Livingston will be placed in financial administration for the second time in their 14-year history.
The First Division club owe West Lothian Council £330,000 in rent arrears, buildings insurance and rates.
And the council reluctantly asked the Court of Session in Edinburgh to take action to recover the various debts.
Donald McGruther, of the administrators Mazars, will now look after the running of the ailing club and conduct negotiations with potential buyers.
McGruther, who oversaw a deal that saved Falkirk and paid the club's creditors in full as liquidator in 1997-98, said: "We are working hard to preserve the value of Livingston and produce a positive outcome for all.
"We thank fans in advance for their continued support in this turbulent period.
"There's absolutely no cash flow other than gate receipts. The players have offered unanimously to play for nothing until the situation stabilises.
"It's vital that any fan that's interested in the future of the Livingston turns up to the match and brings a friend."
Angelo Massone, who led an Italy-based consortium in a takeover of the club last summer, did not oppose the council's request to have an administrator appointed.
However, speaking to BBC Radio Scotland, he denied that the club had actually yet entered administration.
"We are not in administration," he said. "There was appointed today an interim manager and, by 18 August, he will decide if the club enters administration.
"Obviously this is a technicality: an interim manager is not insolvency, administration is insolvency."
The Scottish Football League will meet to discuss sanctions against Livingston once it has discussed the situation with the administrator.
Points deduction, demotion to the Third Division and expulsion from the SFL altogether are all possible outcomes for the club, who are understood to be around £1m in debt.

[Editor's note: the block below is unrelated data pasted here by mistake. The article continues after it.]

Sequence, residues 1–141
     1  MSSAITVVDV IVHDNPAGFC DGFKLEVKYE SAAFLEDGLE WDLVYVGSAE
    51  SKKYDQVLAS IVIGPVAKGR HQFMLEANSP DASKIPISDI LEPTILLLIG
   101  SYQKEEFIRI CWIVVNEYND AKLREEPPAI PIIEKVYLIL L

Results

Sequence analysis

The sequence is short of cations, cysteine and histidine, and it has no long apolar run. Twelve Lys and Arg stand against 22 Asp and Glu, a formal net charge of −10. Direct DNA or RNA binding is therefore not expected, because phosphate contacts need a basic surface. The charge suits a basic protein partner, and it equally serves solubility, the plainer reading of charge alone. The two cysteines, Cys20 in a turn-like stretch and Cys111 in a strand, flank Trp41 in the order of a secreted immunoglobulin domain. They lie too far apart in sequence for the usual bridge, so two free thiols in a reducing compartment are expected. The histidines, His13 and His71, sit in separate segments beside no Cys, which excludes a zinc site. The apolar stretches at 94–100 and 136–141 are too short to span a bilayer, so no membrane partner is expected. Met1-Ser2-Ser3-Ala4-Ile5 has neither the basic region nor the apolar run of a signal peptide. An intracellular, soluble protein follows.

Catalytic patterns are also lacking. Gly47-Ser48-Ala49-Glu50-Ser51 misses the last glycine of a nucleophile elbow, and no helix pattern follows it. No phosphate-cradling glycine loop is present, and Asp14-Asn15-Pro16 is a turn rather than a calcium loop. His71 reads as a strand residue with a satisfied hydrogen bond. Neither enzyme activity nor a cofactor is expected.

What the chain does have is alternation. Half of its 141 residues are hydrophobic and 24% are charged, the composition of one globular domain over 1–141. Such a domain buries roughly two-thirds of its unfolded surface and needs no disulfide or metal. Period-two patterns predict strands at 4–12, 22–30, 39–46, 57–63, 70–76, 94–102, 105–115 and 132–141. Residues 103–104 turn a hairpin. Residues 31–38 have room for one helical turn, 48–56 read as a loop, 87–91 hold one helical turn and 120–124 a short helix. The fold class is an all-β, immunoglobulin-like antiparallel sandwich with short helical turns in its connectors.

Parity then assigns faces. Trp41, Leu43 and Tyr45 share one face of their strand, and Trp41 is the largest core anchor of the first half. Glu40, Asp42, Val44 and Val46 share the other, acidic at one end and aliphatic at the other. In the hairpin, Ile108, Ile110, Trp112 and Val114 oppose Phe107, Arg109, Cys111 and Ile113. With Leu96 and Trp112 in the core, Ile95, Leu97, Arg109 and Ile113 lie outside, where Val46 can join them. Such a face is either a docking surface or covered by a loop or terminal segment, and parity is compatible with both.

Meanwhile, Livingston's Alba Challenge Cup visit to Queen of the South on Saturday is not under threat.
Council leader Peter Johnson told BBC Scotland that a late pledge of £100,000 from Massone was not deemed credible and said: ''We see this as the first step to the club's recovery and re-establishing Livingston again on a sound and sustainable financial platform.
"Given the current situation, we sincerely believe administration is the best way forward.
"Our goal remains a secure future for senior football in West Lothian, and we will offer the administrator any assistance we can to towards this goal.
"We appreciate some Livingston fans may be rightly concerned by these events. They should rest assured that we share their wish of a stable and successful football club at the heart of the local community for many years to come, and will do all we can to achieve this."
Livingston were put in the hands of administrators in February 2004 after an incredible run from the Third Division to the Scottish Premier League and Uefa Cup qualification.
It then took 15 months for the Almondvale club to find a new owner, with Pearse Flynn's Lionheart consortium taking over.
Flynn sold his stake to Massone for an undisclosed fee, believed to be £1, last summer.
The club has its roots in non-league Ferranti Thistle, who became Meadowbank Thistle in 1974 before being reborn as Livingston for season 1995-96.
After moving to West Lothian, they won the Third Division championship in their first year. Following three seasons in the Second Division, Livingston were crowned champions and two years later they won the First Division to reach the SPL.
That first season in the top flight culminated in a third-place finish and entry to the Uefa Cup. A month into their first spell in administration, Livingston lifted the League Cup with a 2-0 win over Hibernian at Hampden.
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